Kiev Selfie
Against a vicious backdrop, Ukrainians have taken to posting selfies on Instagram.

This week, the world has been stunned by images of brutal rioting—bordering on urban warfare—coming out of the Ukrainian capital of Kiev. But amid the livestream of cheering demonstrators and photos of burning cars, there are some images unique to this decade.

From the chaos, dozens of Ukrainians are rebelling against the government's draconian new anti-protest laws. They've also been posting selfies from the very streets where violent hostilities continue to rage.

Since Sunday, thousands of protesters have been engaged in open conflict with law enforcement officials attempting to quell anti-government demonstrations. They've faced rubber bullets, tear gas, stun grenades, and ominous personal threats. The deaths of at least two protesters have been confirmed, with dissident leaders claiming up to five deaths so far on their side. Hundreds more have been injured, but there are reports that many of the injured are refusing to seek medical attention so as not to face legal retribution for their involvement in the protest.

Hundreds of riot police have also, reportedly, been injured as rioters throw stones and molotov cocktails.

Against this vicious backdrop, many protesters have taken to posting selfies on Instagram. For many, it appears to be an act of defiance, standing up to a government attempting to strip them of free speech rights. Most of the protesters are wearing gas mask or other face coverings as if preparing to go into combat—which for all intents and purposes they are.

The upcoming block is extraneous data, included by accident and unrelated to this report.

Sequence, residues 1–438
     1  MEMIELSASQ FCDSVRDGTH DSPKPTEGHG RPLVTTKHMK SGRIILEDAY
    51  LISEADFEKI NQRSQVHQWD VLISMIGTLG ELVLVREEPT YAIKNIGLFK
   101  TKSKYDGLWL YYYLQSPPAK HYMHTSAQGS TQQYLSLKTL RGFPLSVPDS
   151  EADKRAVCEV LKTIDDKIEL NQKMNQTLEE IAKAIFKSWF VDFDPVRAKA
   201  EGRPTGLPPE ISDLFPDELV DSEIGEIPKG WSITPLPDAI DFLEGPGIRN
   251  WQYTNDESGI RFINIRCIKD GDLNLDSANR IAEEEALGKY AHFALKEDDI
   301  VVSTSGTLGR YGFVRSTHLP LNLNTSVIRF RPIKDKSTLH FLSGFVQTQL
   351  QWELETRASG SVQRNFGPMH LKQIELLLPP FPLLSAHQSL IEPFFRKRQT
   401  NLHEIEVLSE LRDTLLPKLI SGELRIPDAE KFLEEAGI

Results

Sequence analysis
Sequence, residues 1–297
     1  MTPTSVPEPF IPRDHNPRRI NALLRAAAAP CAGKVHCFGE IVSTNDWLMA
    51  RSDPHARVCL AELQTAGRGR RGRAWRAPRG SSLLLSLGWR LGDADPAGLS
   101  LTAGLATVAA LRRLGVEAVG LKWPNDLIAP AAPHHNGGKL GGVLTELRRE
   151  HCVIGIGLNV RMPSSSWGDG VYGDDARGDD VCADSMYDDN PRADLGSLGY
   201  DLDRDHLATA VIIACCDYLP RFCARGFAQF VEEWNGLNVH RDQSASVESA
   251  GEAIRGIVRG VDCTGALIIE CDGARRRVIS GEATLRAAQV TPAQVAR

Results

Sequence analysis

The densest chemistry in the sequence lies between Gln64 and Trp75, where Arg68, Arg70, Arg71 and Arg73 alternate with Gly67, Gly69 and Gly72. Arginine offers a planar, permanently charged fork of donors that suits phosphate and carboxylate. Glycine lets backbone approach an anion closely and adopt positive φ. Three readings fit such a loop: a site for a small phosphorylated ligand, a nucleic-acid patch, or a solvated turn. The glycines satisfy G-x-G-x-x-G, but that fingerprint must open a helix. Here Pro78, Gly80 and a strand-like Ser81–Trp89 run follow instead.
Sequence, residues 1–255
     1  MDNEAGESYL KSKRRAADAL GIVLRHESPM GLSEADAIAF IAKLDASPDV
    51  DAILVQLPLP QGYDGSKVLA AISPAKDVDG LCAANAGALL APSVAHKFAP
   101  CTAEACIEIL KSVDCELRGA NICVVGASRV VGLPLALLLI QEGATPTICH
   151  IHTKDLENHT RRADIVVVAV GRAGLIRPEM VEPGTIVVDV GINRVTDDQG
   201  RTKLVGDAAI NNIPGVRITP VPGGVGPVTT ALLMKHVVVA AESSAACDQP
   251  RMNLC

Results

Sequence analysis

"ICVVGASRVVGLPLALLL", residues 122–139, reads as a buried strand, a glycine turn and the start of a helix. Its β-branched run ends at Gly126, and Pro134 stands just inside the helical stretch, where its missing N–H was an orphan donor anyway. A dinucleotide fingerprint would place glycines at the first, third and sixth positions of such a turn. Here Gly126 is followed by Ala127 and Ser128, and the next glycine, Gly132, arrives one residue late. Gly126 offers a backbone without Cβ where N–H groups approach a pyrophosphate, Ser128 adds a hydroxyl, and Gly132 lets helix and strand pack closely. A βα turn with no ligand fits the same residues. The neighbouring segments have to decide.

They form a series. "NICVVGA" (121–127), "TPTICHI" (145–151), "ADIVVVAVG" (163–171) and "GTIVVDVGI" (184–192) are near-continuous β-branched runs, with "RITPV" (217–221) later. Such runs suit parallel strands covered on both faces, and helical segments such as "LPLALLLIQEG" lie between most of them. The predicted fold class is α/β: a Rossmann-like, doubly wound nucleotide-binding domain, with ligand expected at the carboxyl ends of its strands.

In this photo, an apparent member of the press has covered her mouth with a scarf presumably to protect her identity or shield herself from tear gas. The caption in part reads, "me like I'm breaking the law[.]"

In this photo, a pair of protesters stand near the heart of the demonstration. The crowd and raging fires can be seen not far off in the distance. There is no caption, but numerous commenters express concern and tell them to keep safe. One says, "God is with the people. UKRAINE GLORY!"

In another powerful image, one demonstrator makes a V sign with his hand. Possibly indicating either peace or a V for victory. A worried friend asks, "Are you killed?"

Protesters have occupied Kiev's government district since late November. Initially, the demonstrators were decrying President Viktor Yanukovych's controversial decision to eschew an economic pact with the European Union in favor of closer ties to Russia. But after a peaceful student protest was violently disrupted by special police on Nov. 30, the demonstrations turned into a more broadly focused referendum on the Democratically elected Yanukovych.

To try and end the demonstrations, the Ukrainian government, led by the president, passed a rigid new anti-protest law, enacted this week, that would punish protesters with up to 15 years in prison. This sparked the intense outbreak of violence this week.

After days of furious conflict, there is flicker of hope as a temporary cease-fire has been arranged for the president and opposition leaders to try and negotiate a resolution to their differences and avert a full-on insurrection. But even as they seek a settlement, there are new reports of cruelty by government forces, including video of special forces ordering a protestor to strip naked as they taunt and beat him. 

Photo by mstefansky/Instagram

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